"After giving it some thought today, I've decided to take a bit of an Internet sabbatical over the next week or so. No worries, all is well! The introvert just needs some quiet space as she enters what is traditionally her most difficult season. Much love to you all. If you need me, feel free to call or text!"
Truth be told, I think such public declarations are not only a bit silly, but I also think they can be attention-seeking and/or vain. However, I chose to put up the notice because there are a few people who would be concerned if I suddenly disappeared from FB. I did rather roll my eyes at myself, though.
And then, I followed through. I deleted the Facebook app from my phone, walked away from my social media, stopped all online browsing, and stopped visiting the news and entertainment sites I frequent. I did allow myself to check my email twice/day to clean out the junk and make sure there wasn't anything important coming through (I only answered top priority emails...which there weren't many of.) I also did go online if I was needing specific information about an actual project I was doing, which meant that I visited ravelry a couple of times for some knitting info. That was it. For a week.
I had hoped to give myself a little bit of a vacation so that I could find some peace before the school year started again. I wasn't kidding when I said that fall is my most difficult season. It's my peak allergy season, and although most of my symptoms are under control it is a time when I do have to take care of myself rather carefully. I could feel that my edges were starting to feel a little bit raw, and some quiet was just what the doctor ordered.
What I hadn't intended was for the week to become a pretty incredible learning experience for me. It's given me much to think about, and I may need to repeat the experiment periodically to make sure I retain those lessons.
I'm still processing, but here is some of what I learned:
- That I have some super-bad habits when it comes to my devices. I check them obsessively, and had started to become one of those people who was more focused on my phone than on the people right in front of my face. I was setting a very, very poor example for my kids and was living the type of online life I despise.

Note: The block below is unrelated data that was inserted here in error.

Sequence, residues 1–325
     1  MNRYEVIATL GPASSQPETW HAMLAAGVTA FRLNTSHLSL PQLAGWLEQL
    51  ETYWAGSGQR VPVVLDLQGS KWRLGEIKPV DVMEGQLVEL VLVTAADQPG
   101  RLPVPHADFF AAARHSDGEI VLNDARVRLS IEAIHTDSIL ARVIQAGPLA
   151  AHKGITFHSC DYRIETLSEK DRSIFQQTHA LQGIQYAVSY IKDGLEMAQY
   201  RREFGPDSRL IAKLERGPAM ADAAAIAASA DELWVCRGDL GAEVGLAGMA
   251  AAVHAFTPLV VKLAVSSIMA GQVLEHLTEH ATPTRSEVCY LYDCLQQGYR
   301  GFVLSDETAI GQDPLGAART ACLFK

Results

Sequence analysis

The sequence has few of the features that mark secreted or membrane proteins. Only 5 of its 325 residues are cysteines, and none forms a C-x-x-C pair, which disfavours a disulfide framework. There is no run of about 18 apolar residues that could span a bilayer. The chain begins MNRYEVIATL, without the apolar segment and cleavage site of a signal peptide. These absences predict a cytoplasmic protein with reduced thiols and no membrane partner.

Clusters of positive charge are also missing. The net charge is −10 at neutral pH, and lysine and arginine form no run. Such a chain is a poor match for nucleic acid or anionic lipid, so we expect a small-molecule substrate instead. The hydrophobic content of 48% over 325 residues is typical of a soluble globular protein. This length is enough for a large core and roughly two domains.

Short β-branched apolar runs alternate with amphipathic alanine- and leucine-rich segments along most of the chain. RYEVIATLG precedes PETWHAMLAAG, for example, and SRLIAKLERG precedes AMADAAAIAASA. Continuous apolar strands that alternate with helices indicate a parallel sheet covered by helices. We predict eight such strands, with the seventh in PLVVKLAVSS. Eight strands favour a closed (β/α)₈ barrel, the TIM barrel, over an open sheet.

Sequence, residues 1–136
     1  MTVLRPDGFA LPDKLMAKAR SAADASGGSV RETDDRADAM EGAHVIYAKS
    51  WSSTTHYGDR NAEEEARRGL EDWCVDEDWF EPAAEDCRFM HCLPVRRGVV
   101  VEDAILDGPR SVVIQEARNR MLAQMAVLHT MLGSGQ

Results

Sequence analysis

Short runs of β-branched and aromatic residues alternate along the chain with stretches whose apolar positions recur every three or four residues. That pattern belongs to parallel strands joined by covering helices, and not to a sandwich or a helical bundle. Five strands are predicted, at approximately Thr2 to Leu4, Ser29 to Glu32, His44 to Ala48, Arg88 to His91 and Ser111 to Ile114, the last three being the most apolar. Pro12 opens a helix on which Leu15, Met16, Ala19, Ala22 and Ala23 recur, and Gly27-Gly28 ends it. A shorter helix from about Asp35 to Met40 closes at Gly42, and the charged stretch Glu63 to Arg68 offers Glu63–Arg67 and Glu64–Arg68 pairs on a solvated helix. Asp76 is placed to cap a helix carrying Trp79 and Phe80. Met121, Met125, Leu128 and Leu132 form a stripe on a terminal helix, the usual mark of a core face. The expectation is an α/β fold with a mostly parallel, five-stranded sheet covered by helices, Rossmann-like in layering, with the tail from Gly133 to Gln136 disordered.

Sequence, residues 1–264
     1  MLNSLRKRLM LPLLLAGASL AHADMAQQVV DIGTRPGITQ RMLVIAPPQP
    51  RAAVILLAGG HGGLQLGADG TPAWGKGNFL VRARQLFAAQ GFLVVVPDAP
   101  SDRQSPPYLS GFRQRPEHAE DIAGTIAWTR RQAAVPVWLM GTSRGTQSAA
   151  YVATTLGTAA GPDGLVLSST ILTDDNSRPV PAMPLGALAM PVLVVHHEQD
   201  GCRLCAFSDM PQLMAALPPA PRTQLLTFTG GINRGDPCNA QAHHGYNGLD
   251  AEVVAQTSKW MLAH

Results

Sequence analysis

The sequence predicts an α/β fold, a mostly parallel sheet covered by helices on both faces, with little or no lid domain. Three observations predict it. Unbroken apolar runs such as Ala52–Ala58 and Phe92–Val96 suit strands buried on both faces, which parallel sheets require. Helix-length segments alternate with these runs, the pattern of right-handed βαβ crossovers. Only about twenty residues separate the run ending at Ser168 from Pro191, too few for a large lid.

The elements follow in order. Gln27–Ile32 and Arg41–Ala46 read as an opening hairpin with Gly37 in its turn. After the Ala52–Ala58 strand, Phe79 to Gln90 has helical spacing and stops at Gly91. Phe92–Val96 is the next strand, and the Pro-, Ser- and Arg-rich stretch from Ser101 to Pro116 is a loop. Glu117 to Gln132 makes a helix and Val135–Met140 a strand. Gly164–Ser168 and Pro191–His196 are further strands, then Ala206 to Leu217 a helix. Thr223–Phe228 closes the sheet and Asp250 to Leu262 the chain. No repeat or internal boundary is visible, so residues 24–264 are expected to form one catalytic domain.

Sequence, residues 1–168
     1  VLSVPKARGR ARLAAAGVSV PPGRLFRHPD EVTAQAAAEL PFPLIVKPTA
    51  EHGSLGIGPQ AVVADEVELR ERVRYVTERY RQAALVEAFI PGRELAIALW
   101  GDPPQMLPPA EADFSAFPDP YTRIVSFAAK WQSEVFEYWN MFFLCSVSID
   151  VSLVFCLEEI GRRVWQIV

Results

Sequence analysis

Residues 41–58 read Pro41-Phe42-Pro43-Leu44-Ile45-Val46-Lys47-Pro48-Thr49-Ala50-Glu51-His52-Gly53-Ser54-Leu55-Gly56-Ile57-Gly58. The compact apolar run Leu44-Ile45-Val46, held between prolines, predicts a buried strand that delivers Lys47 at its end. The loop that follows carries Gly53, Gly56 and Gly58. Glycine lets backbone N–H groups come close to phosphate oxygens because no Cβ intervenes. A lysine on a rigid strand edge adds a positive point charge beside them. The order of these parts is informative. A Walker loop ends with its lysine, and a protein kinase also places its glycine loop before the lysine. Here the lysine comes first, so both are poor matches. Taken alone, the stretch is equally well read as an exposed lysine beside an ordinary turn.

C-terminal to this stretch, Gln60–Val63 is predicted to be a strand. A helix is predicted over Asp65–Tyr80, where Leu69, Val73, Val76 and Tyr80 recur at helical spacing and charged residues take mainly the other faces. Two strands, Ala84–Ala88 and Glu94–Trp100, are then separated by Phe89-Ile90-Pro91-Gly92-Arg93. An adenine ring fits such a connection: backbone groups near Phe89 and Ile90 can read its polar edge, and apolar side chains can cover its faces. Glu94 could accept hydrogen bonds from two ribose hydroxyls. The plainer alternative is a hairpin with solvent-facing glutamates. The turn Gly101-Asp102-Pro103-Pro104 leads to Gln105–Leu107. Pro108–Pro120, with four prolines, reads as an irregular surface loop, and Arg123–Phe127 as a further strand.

- Conversely, as an Introvert of the highest order, I do actually need social media. It provides a necessary barrier between me and the real world...and a more comfortable mode of communication than the phone. Without it, I might have wound up living in a cave.
- I have a bigger problem with envy than I thought I had...even though I don't regret the choices that our family has made. I would rather have time than money, and I would rather have a home that is focused on the family than on a parent's career - but that doesn't mean that it's easy to bare witness to the vacations, and new homes, and big parties, and fun clothes....you get the idea. We all struggle with our decisions sometimes, even when we know they are best for our individual families. FB can sometimes be the tool for comparison that leaves us feeling like we are coming up short.*
- I spent the first part of the week keeping a mental list of the things I wanted to share on FB. I even considered writing a blog post called "The Things I Wanted To Post Last Week" or some such nonsense. In the end, I posted one picture. One. An entire week, and the only thing that was truly worth sharing was One. Picture.
- Which leads me to the social media clutter problem. Truthfully, there is so much content online every day that I don't give a flying fig about, and life is truly a heck of a lot more peaceful when you don't have to wade through it. (and yes....given #4 I recognize that I am part of the problem.) Wading through all of the crap every day to find the gems....is it worth it?
- Wow. Look at how much more reading I got done....how much more focus I had for my work and family and play...how much more energy I had.
- While it's true that FB has helped me to rebuild relationships and has given me access to some amazing people, it's also torn up some relationships. For good or for ill, people seem to be amplified when they are online. I rejoice in the good friends I've made or rediscovered, but I grieve for those who I've lost.
- This very much confirms my long held position that the internet is NOT the place to have certain discussions and/or debates. (and I'm not at all afraid of unfollowing people to make sure that the friendship remains intact)
- I didn't realize how much of my privacy I'd given away until I took it back.
*Edited to add: My comments on point 3 about our family choices were not in any way, shape, or form meant to be an indictment on any other family's decisions, nor were they intended to spark a debate about such choices. Rather, I was pointing out that *I* have a specific problem which I need to address....and it's a problem I wasn't entirely aware of until last week when I had some time to sit with myself and figure some things out. To be absolutely clear, our decisions about work and family were made from personal experience, and that is what I was referencing in those comments.